Flat Tin Figure 

Tin sol­diers, as we know them, saw the light of day in the mid-sev­en­teenth cen­tu­ry when the first mass-pro­duced fig­ures of the Pruss­ian king Fred­er­ick the Great and his guard came to mar­ket in Ger­many pro­duced by the Hilpert can­dle­stick fam­i­ly in Nuremberg.
The Napoleon­ic era, with its col­or­ful uni­forms and sol­dier’s joy, fur­ther enhanced the imag­i­na­tion and pro­duc­tion, with the result that tin sol­diers in the fol­low­ing years became ordi­nary toys for the bour­geois chil­dren. Before that, tin sol­diers were reserved for the nobil­i­ty, the more afflu­ent bour­geoisie and in the train­ing of officers.
In fact, they became so com­mon that H.C. Ander­sen, as you know, uses a tin sol­dier as the main char­ac­ter in one of his most famous and beloved adven­tures — the stead­fast tin soldier.
The Ger­man tin sol­diers were all of the already known flat type and it was then also a Ger­man, E. Hein­rich­sen from Nurem­berg, who set the now inter­na­tion­al­ly rec­og­nized scale for flat fig­ures — 30 mm for foot­men and 40 mm for rid­ers — the so-called Nurem­berg size.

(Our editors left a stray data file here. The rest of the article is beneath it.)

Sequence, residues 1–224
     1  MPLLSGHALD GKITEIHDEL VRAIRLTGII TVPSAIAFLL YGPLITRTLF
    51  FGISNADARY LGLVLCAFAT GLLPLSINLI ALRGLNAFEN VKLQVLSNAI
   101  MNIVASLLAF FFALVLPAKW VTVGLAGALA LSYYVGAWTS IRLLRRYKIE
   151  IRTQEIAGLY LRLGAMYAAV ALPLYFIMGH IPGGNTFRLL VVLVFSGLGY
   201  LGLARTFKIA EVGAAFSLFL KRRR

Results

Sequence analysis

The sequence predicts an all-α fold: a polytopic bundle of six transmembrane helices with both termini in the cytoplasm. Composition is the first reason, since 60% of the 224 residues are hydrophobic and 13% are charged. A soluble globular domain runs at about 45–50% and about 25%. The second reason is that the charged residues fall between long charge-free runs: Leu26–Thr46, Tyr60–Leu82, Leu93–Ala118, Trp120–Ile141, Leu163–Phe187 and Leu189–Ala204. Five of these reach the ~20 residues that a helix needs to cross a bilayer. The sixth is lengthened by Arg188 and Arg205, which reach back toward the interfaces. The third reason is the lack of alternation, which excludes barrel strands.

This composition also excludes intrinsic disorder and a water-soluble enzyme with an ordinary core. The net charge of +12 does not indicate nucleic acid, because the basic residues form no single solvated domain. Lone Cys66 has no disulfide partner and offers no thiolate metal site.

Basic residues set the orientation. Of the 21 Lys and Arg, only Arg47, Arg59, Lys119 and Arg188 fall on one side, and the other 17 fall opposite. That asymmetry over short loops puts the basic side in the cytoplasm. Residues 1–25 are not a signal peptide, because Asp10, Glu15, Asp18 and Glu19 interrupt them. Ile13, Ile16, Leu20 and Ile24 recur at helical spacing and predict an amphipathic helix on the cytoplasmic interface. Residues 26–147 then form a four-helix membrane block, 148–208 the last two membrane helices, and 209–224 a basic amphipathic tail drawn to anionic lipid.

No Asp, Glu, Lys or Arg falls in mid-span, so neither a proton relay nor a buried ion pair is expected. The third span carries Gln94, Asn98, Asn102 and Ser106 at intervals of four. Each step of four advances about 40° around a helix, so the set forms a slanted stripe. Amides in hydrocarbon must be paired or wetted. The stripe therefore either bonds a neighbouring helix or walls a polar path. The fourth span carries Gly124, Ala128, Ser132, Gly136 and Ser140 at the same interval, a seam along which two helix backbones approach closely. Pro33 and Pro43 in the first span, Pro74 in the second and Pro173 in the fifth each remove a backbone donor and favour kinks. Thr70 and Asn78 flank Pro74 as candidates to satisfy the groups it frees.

The “real” flat fig­ures are almost all card­board thin and are engraved in a very low relief on both front and back. The fig­ure or fig­ure group is cast in one piece ie. that there are no parts to be assem­bled after the molding.
The paint­ing of flat shapes makes the same demands on the artist as if it were a flat can­vas he paint­ed on. The fig­ure’s “round­ness” is cre­at­ed with light and shadow.

The shape of the fig­ure is also made in a dif­fer­ent way than the shape of a round mass fig­ure. The shape of the flat fig­ure is usu­al­ly made in 1–2 pieces of slate depend­ing on whether the mold is mold­ed with a flat back (1 piece of slate) or as a semi-cir­cu­lar fig­ure where one engraves with the left and the right side of the fig­ure in the shale (2 pieces of slate) which are then col­lect­ed by casting.

The Soci­ety’s mem­bers each have a fan­tas­tic knowl­edge in many areas also with­in mod­el­ing and paint­ing and over time, sev­er­al mem­bers have cho­sen to share this knowl­edge with the Soci­ety’s oth­er mem­bers through arti­cles in the Soci­ety’s jour­nal. The fol­low­ing links con­tain exam­ples of this:

How to engrave a form to flat tin figures

How to cast a tin fig­ure — Video